Now through July 1st, Williamsburg's Brick Theater
is producing its first annual Comic Book Theater Festival
, with 20 original productions, screenings and readings. We talked to producer-curator Jeff Lewonczyk about the festival's origins and his own contribution to it.
The L: Comic book adaptations have become a Hollywood staple in the past decade, but less so on stage (Spider-Man notwithstanding); what are some of the inherent challenges of turning a comic book into a play, or writing a play about comics?
Jeff Lewonczyk: Well, people stereotypically think of comic books as superheroes, and they think of superheroes as action, in a way that seems most conducive to special effects blockbusters. Theater can certainly be visceral, but the fact remains that without millions of dollars you're not likely to make Spider-Man fly around the ceiling, which, in my opinion, is all to the good. Because the thing that most deeply connects comics and theater is that both require much of the action to take place in the imagination of the reader/viewer. No matter what you show on stage or in a comic, you require your audience to fill in the gaps and make a full world out of the humble materials you present them with—be they lines on a page or people moving around in a room. Hollywood can conjure pretty much anything it wants out of computers, but the very accessibility of this imagery takes some of the magic out of it.
Of course, we're doing comic-themed shows far beyond the superhero genre, which presents its own challenges. How do you take a delicate personal memoir and present it on stage as a comic, not as just a straight-up play? Is it the use of artwork and illustration? Is it the way you structure it, the way you play around with space and time? When you project panels on a screen with live voiceover, is it theater or just a slide show? These are some of the questions we're asking.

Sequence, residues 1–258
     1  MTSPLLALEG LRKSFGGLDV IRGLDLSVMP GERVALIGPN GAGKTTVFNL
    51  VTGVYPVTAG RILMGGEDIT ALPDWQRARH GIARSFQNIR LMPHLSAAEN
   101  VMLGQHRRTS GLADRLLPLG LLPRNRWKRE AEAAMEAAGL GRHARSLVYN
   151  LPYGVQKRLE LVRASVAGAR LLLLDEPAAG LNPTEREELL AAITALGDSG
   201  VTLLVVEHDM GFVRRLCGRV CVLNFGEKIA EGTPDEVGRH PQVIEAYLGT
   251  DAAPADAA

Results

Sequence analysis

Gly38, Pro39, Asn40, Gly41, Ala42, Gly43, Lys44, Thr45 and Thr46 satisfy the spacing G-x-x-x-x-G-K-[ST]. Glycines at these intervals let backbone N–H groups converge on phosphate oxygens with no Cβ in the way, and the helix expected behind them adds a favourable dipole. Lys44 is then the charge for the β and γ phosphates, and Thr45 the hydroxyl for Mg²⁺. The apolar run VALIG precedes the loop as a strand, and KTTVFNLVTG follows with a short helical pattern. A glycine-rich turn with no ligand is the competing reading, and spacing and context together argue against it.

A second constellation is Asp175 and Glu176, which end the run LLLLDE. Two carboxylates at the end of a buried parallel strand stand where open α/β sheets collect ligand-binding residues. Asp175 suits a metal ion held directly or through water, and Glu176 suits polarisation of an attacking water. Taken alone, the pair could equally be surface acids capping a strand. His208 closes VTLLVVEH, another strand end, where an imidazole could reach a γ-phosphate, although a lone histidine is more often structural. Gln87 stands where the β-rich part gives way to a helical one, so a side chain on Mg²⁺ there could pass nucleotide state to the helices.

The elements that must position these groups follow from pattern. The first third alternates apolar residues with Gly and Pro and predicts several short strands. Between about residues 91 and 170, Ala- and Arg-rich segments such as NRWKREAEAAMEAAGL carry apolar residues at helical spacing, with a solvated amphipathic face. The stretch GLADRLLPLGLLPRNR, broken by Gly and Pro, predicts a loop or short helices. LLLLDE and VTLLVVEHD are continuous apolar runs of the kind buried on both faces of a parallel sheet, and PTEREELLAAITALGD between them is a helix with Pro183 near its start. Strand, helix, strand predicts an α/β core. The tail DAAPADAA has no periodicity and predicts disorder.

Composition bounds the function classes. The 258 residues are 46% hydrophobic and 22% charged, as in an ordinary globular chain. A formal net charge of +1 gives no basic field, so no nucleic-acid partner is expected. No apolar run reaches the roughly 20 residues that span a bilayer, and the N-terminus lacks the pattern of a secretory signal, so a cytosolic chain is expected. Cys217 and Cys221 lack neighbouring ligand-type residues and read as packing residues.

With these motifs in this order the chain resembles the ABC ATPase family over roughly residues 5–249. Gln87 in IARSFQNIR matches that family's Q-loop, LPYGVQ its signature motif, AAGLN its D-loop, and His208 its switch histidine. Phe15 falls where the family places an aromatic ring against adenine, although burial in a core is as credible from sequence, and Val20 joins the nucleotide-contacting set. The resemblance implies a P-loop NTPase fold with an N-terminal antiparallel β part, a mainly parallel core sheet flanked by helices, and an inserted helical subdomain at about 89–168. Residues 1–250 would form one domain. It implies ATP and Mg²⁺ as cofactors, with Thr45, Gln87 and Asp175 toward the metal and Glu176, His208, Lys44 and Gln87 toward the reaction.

Comics culture is often portrayed as a very male-dominated field, but the festival seems to have a very good gender balance; was that a concerted programming decision, or did it just work out that way?
It actually just kind of wonderfully, beautifully worked out that way. Theater has much more proportionate gender numbers than comics, or at least mainstream comics. If anything, it's more weighted towards women (not in terms of professional production opportunities and leadership roles, per se, but that's a whole different conversation), so it makes sense that it landed this way.
You wrote and directed one of the plays in the festival, The Bubble of Solace, about a guy who runs a comic book store; where did that idea come from?
This was originally an idea I had a few years ago with my friend and frequent collaborator Jason Robert Bell for a web series about a guy who lives in a magical comic book shop and can actually enter into his comics. When the festival looked like it was going to be a reality I decided to run with the idea and translate it into a play. Bringing it into four dimensions actually made it a very different piece from what I was expecting it to be—a lot darker and stranger, about the dangers of obsessive escapism. But the play does feature insane comic book sequences, with full stories drawn by five different comic artists, so it's still a splashy experience.
Where did the idea for a comic book theater festival come from? Was there a particular play or comic that inspired the decision?
We've been doing themed festivals at The Brick since 2004—both festivals that invited artist to submit shows around a specific concept or image (the Hell Festival, the Moral Values Festival, etc.) and festivals that celebrated a specific medium (the New York Clown Theater Festival or next month's Game Play, a celebration of video-game performance art). The comic book idea has come up numerous times at brainstorming sessions in the past, but with comic-book culture becoming more and more influential in the world of entertainment, this was the year it made the most sense to do it.
Is there a hope that by tapping into the comics subculture you'll attract an audience that rarely goes to the theater?
Well, sure! We've had pretty good luck with that in terms of our Game Play festival. Last year, I wrote a show, Theater of the Arcade